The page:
Everett Roberts, a resident of Pomona, California, United States, was discouraged upon hearing from physicians at a medical institution that he had a 40-percent chance of surviving an open-heart surgery to repair his failing valve. Yet the 71-year-old veteran’s spirits lifted when cardiothoracic surgeon Joshua Chung offered him a safer, less invasive option — repairing the mitral valve via robotic surgery.
“Dr. Chung told me the chances of things going wrong were around 1 to 2 percent — that’s way better than 40 percent [survival rate],” Roberts said. “I shudder to think of what almost could’ve been had I not gone to Loma Linda University Health for my care.”
Located on the left side of the heart, a mitral valve warrants repair when it is no longer able to properly function due to leakage causing blood to backflow from the heart into the lungs. Such was the case for Roberts, whose mitral valve was leaking half of his oxygenated blood back toward his lungs.
He soon struggled to run his routine five-mile (eight-kilometer) course every other day, as he had done most of his life. Dissatisfied with the high risk of open-heart surgery, compounded by his chronic lymphocytic leukemia (CLL) diagnosis, Roberts said he sought care from physicians at Loma Linda University Health (LLUH) who could provide robotic mitral valve repair.
During a robotic mitral valve repair, a cardiac surgeon’s hands control the movement of surgical instruments attached to a machine’s thin robotic arms. The procedure leaves 2-inch (5 cm) incisions on the right side of the chest, as opposed to 6- or 8-inch (15-20 cm) scars in the middle of the chest through the breastbone associated with traditional open-heart surgery. Aside from smaller incisions, Chung said mitral valve repairs conducted robotically hold other advantages over open-heart surgery for patients, including less invasion and risk, reduced bodily stress, faster recovery time, and excellent outcomes.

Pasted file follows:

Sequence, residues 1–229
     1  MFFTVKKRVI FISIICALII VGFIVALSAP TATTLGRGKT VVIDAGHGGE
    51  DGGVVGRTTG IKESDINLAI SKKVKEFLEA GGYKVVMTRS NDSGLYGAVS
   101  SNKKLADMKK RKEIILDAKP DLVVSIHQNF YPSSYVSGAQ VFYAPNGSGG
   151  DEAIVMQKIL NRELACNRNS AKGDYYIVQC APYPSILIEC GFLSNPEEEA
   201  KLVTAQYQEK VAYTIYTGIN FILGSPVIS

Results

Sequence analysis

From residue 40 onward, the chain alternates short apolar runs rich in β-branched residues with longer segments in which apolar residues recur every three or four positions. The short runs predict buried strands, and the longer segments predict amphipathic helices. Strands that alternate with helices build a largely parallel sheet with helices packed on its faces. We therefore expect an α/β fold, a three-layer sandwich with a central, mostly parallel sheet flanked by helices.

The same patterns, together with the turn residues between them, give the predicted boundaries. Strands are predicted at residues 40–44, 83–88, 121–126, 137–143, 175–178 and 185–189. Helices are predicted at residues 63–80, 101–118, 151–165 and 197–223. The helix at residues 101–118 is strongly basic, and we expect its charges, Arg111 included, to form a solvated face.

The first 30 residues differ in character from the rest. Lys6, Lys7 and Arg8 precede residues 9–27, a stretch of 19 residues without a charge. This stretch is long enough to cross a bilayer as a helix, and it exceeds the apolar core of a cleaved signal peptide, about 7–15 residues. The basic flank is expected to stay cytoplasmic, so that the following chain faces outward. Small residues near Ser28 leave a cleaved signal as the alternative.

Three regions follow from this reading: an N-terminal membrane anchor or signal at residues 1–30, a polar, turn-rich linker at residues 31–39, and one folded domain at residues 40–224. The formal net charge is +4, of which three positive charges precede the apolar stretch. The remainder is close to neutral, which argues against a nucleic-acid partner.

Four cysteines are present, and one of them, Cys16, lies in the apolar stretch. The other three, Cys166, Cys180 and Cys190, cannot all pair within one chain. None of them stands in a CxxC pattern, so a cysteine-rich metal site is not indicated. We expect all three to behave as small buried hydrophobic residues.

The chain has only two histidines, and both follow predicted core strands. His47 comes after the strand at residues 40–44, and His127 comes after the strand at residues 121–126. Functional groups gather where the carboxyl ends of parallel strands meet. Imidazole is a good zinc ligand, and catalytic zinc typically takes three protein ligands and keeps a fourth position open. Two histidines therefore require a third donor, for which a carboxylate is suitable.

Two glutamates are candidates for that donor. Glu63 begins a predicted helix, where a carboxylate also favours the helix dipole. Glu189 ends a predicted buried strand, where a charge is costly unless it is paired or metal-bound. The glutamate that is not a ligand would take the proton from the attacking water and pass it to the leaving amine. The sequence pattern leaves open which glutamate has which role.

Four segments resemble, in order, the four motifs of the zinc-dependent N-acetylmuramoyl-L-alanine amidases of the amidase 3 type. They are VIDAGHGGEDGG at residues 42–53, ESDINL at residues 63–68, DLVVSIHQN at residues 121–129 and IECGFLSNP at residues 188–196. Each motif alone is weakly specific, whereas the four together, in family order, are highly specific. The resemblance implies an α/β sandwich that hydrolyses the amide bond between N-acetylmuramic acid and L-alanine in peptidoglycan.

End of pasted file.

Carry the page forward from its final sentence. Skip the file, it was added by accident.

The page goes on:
“If I hadn’t gone to LLU, I wouldn’t be doing the things I want to be doing,” Roberts said. “That non-invasive procedure changed my life for the better — I know that for a fact. I’d advise anyone who has the option to do the procedure to definitely do it.”
Whereas six months before surgery, Roberts said he could barely walk a mile (1.6 km), he now reports having trekked a total of 162 miles (260 km) in the four months after his surgery — not to mention indulging in some dirt biking and golfing as well. A “tinkerer” by nature, Roberts said he has since been able to tackle home projects such as tuning up motorcycles and assembling a snowblower for use at his mountain cabin. Most of all, Roberts said he cherishes the time he’s been able to spend with loved ones, including his wife, children, and grandbaby.
Roberts became the fourth patient to undergo the procedure at the hospital in October 2020. He said he appreciated the care team's professional communication skills and compassion, which he felt most strongly when nurses prayed with him during his hospital stay. Raised a Seventh-day Adventist himself, Roberts said the touching gesture hit close to home.
“Thanks to Dr. Chung and the team who took care of me, I will have a long and heart-healthy future,” Roberts said.
Since its first robotic mitral valve replacement in September 2020, Loma Linda University International Heart Institute has been the only center to offer the procedure in the region — a service that Chung said is beneficial for residents of the region who need not travel to faraway locations to obtain the care they need.
“We are ready to take on more of these procedures and continue to help patients whose lives could be saved from this kind of intervention,” he said.